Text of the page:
"At times gentle and peaceful, at other times, turbulent and thundering, River Flow is a magnificent collection of poetry with a vibrant voice. This beautiful book contains over one hundred fifty poems, most garnered from the author's previous works, but also including twenty-three new compositions. The table of contents organizes the poems according to topics, while noting the name of the book in which it first appeared.
David Whyte has a confident command of words, causing them to leap with emotion while drawing vivid pictures in the mind. His poems touch several dimensions of thought, from the spiritual realm to the tangible world around us. The profound and the poignant take on a heightened perception when seen through the author's eyes.
The ability of poetry to decipher our modern world is made clear throughout this book, as ideas are expressed with elegance and intuitiveness. Using this genre allows a deeper and more meaningful expression of feelings, as the themes are sensitively encased in passionate prose and lyrical language. From the petals of a flower to the purpose of life's unpredictable pathways, these words tickle the mind with tantalizing tidbits of thoughts.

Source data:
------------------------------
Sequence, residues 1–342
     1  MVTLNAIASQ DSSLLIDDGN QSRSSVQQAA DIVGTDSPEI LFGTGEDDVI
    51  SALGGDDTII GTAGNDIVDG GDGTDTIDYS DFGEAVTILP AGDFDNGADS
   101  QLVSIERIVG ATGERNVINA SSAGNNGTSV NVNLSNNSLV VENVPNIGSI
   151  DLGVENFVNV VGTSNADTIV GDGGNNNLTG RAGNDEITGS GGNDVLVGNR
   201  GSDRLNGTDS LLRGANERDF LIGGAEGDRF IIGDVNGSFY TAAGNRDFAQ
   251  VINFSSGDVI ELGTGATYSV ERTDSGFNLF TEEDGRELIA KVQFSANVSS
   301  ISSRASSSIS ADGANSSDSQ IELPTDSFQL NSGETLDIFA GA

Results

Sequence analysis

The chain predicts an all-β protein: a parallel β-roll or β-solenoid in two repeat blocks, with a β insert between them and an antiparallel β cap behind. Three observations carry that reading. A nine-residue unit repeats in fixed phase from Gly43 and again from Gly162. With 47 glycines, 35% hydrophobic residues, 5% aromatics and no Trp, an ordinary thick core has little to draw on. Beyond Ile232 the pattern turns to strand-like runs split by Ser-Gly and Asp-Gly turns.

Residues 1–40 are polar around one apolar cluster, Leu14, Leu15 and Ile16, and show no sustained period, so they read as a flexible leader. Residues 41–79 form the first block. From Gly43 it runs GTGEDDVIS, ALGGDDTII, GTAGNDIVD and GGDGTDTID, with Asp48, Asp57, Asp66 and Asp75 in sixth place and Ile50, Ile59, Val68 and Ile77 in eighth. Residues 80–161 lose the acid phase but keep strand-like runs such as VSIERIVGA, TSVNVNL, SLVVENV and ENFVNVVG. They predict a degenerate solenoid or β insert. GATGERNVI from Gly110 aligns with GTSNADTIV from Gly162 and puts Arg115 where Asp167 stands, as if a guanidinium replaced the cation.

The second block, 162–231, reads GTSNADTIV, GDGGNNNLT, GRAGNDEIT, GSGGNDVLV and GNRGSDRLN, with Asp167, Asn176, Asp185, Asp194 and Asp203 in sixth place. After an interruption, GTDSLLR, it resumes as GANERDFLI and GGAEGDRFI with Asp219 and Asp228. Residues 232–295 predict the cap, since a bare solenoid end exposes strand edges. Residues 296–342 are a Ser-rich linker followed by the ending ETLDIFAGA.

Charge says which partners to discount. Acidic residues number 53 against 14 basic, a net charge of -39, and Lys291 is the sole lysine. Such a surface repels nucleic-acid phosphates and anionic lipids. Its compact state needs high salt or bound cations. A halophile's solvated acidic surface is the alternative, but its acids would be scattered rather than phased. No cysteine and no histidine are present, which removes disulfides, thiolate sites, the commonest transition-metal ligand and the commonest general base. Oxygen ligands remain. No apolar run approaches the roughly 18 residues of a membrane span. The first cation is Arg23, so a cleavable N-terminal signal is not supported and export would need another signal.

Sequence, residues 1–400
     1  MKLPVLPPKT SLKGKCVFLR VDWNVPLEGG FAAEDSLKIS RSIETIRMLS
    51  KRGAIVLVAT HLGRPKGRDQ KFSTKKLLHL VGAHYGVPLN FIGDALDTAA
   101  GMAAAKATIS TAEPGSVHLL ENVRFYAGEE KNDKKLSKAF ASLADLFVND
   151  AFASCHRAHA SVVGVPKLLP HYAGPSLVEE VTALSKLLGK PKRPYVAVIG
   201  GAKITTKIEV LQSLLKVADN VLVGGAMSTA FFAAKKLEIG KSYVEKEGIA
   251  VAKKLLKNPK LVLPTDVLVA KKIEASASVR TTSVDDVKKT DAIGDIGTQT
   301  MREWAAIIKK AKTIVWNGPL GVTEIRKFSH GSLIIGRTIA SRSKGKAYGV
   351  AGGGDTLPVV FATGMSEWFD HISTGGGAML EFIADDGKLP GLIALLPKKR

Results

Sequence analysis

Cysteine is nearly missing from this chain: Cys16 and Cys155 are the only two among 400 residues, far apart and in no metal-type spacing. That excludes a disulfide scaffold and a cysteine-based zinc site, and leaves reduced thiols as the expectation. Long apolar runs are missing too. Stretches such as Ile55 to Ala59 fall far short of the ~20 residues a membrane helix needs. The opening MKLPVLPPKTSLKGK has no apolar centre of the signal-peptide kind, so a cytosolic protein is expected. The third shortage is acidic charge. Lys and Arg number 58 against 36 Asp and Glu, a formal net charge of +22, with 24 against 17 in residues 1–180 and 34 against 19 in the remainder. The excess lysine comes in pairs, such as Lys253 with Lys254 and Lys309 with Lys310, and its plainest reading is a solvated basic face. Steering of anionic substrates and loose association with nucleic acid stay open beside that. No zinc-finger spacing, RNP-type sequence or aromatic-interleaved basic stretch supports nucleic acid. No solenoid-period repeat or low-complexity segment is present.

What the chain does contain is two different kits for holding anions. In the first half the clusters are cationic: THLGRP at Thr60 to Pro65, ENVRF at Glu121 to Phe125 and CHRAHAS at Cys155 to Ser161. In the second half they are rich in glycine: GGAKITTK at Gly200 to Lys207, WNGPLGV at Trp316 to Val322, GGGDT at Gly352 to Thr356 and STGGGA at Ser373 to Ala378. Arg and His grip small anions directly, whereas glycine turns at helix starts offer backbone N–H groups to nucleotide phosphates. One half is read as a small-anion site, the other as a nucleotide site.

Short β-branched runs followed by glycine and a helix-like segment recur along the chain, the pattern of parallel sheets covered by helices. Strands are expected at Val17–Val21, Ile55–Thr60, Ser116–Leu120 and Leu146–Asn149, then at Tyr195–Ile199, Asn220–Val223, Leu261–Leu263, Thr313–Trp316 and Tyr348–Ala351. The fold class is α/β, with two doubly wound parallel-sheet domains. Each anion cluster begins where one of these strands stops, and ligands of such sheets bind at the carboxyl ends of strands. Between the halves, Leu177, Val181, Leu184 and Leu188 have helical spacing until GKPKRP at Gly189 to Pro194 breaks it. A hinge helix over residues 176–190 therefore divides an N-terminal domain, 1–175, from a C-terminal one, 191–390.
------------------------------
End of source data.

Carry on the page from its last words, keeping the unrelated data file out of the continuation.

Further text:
To this reviewer's delight, a section of the book is devoted to Ireland. The poetry clearly captures images of the people, the politics and the impassioned personalities that make up this culture. David Whyte's words are a welcoming embrace as the "hands across the water" reach out through these pages in a gesture of friendship and familiarity.
River Flow is a graceful journey, highlighting the ebb and flow of humanity as it drifts along on words of wisdom, compassion and understanding."
- In the Library Reviews
Read a review of River Flow by James Owens in Pedestal Magazine.
Link to Table of Contents
I AM THINKING OF WOMEN (excerpt)
I am thinking of women of nobility
and purpose, the way they catch the light
and magnetize a crowd, the way men
of individual power standing outside
that gravity-well of relational desire
are helpless before the tide, and I think
of them especially, when I think of Yeats,
walking innocently into a room in Dublin
and falling for that woman
haloed in spring light who stood, head high,
by a vase of fresh apple blossom
and how then, he pursued her, writing
I will find out where she has gone
And kiss her lips and take her hands
and how he put her into plays depicting
the history of a country struggling to be born,
sometimes casting her as a young girl,
sometimes as the older woman
who struggles in at last to save the past
from itself all the while
in love with her from tip to toe